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The Fashion Industry Burns Out Its Best Young Talent - placeholderThe Fashion Industry Burns Out Its Best Young Talent
5 min read | Sep 2021

The Fashion Industry Burns Out Its Best Young Talent

I survived the ups and down and abuses of life in the fashion world—and then I turned 24.

Cafe Au Lait / Millennial / Undisclosed / Writer

I moved to London to study fashion when I was 18 years old. I ate nothing and spent whatever little money I had on cigarettes, coke, clothes and shoes. I slept little and passed out in clubs. 

While all these would have made me a hot mess in nearly any other situation, by the standards of the fashion industry and art university, I was simply living the life. I was it–getting photographed by street-style photographers, cutting queues and being embraced by the fashion party scene. I had so many pairs of shoes that the floor of my dorm room was barely visible. I looked good.

We Lived—and Suffered—for the Glamour

And looking good was the one thing that mattered. That I was battling an eating disorder or so poor I had to steal a single chocolate from a box left on the floor of my building just to function didn’t seem like that big of an issue. It didn’t stop one of my friends from loudly declaring that if he had to be a girl, he’d want to be me. It didn’t stop me from really thinking that I had the best life, even as I was cutting classes due to being physically unable to get out of bed or repeatedly smashing a club’s toilet to pieces with my heels because my friends and I stupidly dropped a bag of “something” (we weren’t sure what, but we still took it) behind it.

Our lives were a whirlwind of clothes, drugs and glitter, and as the bright young future of the fashion industry, we burnt brighter and faster than anyone else. Getting the flu after a game of spin the bottle with a bunch of models in the middle of a club was a badge of honor.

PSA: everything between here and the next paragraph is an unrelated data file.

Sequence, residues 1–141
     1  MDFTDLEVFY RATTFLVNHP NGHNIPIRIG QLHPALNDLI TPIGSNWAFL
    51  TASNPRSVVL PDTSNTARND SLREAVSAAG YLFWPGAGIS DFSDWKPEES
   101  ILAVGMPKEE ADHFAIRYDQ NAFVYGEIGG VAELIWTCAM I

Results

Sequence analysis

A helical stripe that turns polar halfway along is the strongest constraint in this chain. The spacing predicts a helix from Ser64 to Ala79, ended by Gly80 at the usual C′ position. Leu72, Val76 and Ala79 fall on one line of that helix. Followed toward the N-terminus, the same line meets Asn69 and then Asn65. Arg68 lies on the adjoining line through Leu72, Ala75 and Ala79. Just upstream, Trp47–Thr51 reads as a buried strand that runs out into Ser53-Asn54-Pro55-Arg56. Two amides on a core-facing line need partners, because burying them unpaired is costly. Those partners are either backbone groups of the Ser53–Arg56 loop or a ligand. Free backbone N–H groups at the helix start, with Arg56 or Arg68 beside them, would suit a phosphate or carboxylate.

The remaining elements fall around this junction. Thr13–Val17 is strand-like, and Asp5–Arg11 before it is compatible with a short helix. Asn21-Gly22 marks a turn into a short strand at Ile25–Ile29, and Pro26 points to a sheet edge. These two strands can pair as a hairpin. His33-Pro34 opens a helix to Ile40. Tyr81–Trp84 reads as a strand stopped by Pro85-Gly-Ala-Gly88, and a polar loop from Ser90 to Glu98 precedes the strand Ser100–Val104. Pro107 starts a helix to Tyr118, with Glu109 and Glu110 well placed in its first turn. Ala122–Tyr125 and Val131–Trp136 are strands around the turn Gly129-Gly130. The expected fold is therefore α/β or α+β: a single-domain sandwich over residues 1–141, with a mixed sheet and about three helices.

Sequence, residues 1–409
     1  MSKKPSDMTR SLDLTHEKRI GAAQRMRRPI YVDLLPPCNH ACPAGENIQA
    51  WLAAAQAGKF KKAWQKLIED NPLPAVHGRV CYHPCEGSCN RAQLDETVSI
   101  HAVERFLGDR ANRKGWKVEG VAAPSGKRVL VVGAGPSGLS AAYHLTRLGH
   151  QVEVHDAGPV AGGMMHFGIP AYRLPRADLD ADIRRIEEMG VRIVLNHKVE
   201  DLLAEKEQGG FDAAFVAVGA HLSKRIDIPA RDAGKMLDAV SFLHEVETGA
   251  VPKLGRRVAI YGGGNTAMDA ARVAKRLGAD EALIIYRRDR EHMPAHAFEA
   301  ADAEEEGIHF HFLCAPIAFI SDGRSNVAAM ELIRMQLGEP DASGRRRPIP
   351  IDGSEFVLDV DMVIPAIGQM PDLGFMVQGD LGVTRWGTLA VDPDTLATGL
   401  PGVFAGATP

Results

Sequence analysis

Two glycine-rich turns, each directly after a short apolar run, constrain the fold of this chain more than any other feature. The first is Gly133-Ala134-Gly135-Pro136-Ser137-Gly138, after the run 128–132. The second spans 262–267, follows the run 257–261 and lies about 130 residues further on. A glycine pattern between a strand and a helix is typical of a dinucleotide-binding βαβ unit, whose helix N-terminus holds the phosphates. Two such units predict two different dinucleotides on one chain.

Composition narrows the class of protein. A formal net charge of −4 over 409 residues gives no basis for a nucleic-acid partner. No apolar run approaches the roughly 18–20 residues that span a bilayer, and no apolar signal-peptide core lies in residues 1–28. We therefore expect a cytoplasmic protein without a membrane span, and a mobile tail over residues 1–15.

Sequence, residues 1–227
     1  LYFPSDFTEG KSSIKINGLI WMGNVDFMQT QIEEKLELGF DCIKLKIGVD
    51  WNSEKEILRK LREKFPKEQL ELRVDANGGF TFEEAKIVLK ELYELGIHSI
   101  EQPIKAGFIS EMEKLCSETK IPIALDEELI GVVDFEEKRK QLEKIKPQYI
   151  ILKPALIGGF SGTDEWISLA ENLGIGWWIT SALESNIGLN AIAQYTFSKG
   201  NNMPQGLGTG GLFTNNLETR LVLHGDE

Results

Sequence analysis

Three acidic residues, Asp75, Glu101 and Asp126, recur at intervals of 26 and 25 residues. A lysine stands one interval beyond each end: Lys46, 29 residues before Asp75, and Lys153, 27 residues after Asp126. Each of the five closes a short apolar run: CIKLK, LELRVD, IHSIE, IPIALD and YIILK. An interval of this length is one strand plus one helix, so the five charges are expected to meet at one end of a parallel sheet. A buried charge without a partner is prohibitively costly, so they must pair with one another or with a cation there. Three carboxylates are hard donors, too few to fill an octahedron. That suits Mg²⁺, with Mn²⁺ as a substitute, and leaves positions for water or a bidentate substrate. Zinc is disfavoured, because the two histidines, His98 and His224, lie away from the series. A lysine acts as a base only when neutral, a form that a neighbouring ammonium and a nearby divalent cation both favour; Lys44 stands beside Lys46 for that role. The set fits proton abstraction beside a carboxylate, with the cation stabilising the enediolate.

Looking back, our complete disregard for our own health and safety was worrying. We stumbled around London on sky-high heels and obsessively compared our BMIs. Years later, one of my best friends casually mentioned she “suspected” I had an eating disorder. She didn’t say anything at the time—“You looked so good!” 

After a couple of years of this, I had “made it”—that is, I was attending fashion weeks. I still had no money, and I was still a student, but I knew anyone who was anyone and had upgraded my fashion closet to designer.

Then, at the grand old age of 24, I gave up. 

Surviving on fantastic fashion and smoky air wasn’t sustainable, but it took going into business with someone who was more messed up than I was to finally break me. I started a fashion magazine with a girl who spent days on end in bed, got into a random van because it was going to a “party” and brought a drug dealer to spend the night in our flat. It took all of this for me to look at my “partner” and snap—this wasn’t what I wanted.

“”

My Professional Life Was Nonstop Abuse

The fashion “industry” isn’t so much an industry as a flame that attracted us with its tales of fabulous parties, fabulous people and incredibly fast lives and then burned us up. We didn’t get paid and we were bullied constantly, made to prove ourselves over and over and always found wanting. 

Wearing the same shorts twice was cause for sneering comments. During Paris Fashion Week, I had to run around to find deodorant because someone told me I smelled. Having to ask models in a showroom if they could spare some perfume was a low point. “Oh, you look good…today.” Over and over, I brushed it off. Over and over, I pretended it was funny. After all, by that time, I was getting paid—if not well, at least enough to buy cigarettes and a couple of gin and tonics. Doing bits and bobs here and there, PR work and assisting in a showroom wasn’t glamorous, but it was still fashion.